I was, of course, flattered that the Governor wanted my advice.  So I thought for a moment -- where to begin? He certainly has major problems to address. On virtually every list released in the past year, Louisiana is ranked either at, or close to the bottom for having a poor business climate, educational levels that lag far behind national averages, highest insurance rates, low rankings by the Center for Public Integrity, obstructing public access to information, and at the bottom of the barrel for overall health.
And here’s another slap in the face. Jindal just completed a term as Chairman of the National Governor’s Association. And how did Louisiana fare in the governors’ non-partisan sub group’s ranking for overall quality of life called the “Camelot Index?” Dead last!
So what would I recommend that the governor do right now -- something tangible, something that would yield immediate results? Something that would show the average guy that something is being done.  After giving it some thought, I had one simple solution. “Governor, take the afternoon off and rent a video.”
“What?  Voters are saying my state is under siege, and you tell me I should watch a movie? Come on, Jim!”
“That’s right, Bobby. Not just any movie. I want you to rent ‘City Hall,’ starring Al Pacino.”
“Never heard of it.”  I wasn’t surprised.
“Trust me on this, Bobby. Pacino plays the part of the Mayor of New York, and the city faces a whole litany of problems, including a major crime wave. Al says enough is enough. He becomes a PVLF -- a positive, visible, local force. And he’s everywhere. No, he’s not criss-crossing the country speaking to political groups, Bobby. But he’s back home in his state. When a murder takes place, he’s on the crime scene. When innocent victims are involved, he is preaching at their funerals. He’s walking the streets, in coffee houses, in restaurants, being verbal and visual one on one, and visiting with small groups. Simply letting the people of his city know that he’s in charge, that he cares, that he empathizes with their concerns, and he’s trying to do everything in his power to solve one insurmountable problem after the other.”
“Of course, it’s not quite that simple. But it’s a beginning, Bobby. And get this.  That’s exactly how New Jersey Governor Chris Christie, who is, by the way, the leading Republican candidate for president in 2016, operates.  He’s everywhere in New Jersey.  Here’s what Christie says about governing: “You gotta show up -- regularly, consistently.  And you gotta listen.  You can’t always talk at people, you have to listen.”
If you are there and the folks you represent believe you are giving it your best effort, they are going to be much more willing to do their part. And these people you represent can be of tremendous help if you motivate them. You can build grass roots support for your legislative agenda, and you can encourage Louisianans to volunteer, and become involved in numerous community service programs. They’re volunteers for the state, but you can also turn them into volunteers for your own future.  You will quickly find out that good government is also good politics.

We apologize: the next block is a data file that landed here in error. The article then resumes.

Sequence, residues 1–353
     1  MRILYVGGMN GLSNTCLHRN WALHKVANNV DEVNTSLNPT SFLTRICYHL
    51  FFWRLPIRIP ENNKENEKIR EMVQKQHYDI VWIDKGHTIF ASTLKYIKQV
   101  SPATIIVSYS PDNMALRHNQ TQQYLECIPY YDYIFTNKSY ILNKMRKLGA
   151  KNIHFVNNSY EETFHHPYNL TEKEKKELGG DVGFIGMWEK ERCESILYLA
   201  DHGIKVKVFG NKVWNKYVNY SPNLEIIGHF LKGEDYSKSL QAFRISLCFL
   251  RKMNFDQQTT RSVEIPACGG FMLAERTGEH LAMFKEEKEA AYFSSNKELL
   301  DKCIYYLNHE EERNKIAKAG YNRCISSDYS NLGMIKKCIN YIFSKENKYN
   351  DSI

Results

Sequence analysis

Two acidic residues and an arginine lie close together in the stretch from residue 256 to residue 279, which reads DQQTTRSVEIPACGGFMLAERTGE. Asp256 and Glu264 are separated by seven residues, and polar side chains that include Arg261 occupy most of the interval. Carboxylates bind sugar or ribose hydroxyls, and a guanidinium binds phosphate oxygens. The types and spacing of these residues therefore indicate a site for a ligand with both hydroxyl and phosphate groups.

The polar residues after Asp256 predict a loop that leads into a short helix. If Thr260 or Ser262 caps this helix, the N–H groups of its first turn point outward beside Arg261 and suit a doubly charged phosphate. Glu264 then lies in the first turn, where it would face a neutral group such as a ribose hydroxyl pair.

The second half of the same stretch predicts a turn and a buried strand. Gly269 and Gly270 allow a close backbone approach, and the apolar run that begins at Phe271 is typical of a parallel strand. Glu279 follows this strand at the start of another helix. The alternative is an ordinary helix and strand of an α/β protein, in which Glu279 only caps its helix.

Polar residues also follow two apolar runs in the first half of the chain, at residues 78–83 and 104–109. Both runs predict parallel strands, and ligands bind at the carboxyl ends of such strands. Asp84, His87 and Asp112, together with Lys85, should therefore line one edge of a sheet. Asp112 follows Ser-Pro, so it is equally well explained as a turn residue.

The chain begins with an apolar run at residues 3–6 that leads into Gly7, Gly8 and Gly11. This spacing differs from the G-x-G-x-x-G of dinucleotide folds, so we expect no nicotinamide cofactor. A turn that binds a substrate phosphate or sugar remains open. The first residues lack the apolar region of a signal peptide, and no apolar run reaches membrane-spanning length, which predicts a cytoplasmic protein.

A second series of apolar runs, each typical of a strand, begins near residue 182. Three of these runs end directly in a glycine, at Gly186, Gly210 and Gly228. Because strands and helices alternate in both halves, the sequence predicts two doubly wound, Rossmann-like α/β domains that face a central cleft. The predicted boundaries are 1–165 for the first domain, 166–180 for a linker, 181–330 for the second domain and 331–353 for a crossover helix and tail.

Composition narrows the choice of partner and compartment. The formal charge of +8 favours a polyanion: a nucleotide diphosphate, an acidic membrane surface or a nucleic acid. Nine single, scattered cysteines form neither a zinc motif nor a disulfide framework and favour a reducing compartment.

“Bottom line, Bobby -- stay at home where you were elected. Your challenge is to rally the masses, let them know you are on the job continually and that you are giving your all to improve the state’s quality of life. You can do it, Bobby. You just have to make the commitment.”
“Boy, I really appreciate your advice, Jim. You’ve got me thinking, fired up, and ready to change direction. You’re right, Jim. I can make a difference. I’m their leader. You are going to be amazed at the new approach I’m going to take. Thanks, Jim. And I’ll be listening to on the weekends.”
I hung up the phone, and was satisfied that Bobby Jindal would take up my challenge. I really believe in the PVLF theory. Maybe, just maybe, I had gotten through to him.  For a minute, I lay there with a smile of contentment on my face.
And then I woke up from my dream.
There go my people, I must find out where they are going so I can lead them.
Alexandre Auguste Ledru-Rollin.
Peace and Justice.

Jim Brown

Jim Brown’s syndicated column appears each week in numerous newspapers throughout the nation and on websites worldwide.  You can read all his past columns and see continuing updates at  You can also hear Jim’s nationally syndicated radio show each Sunday morning from 9 am till 11:00 am, central time, on the Genesis Radio Network, with a live stream at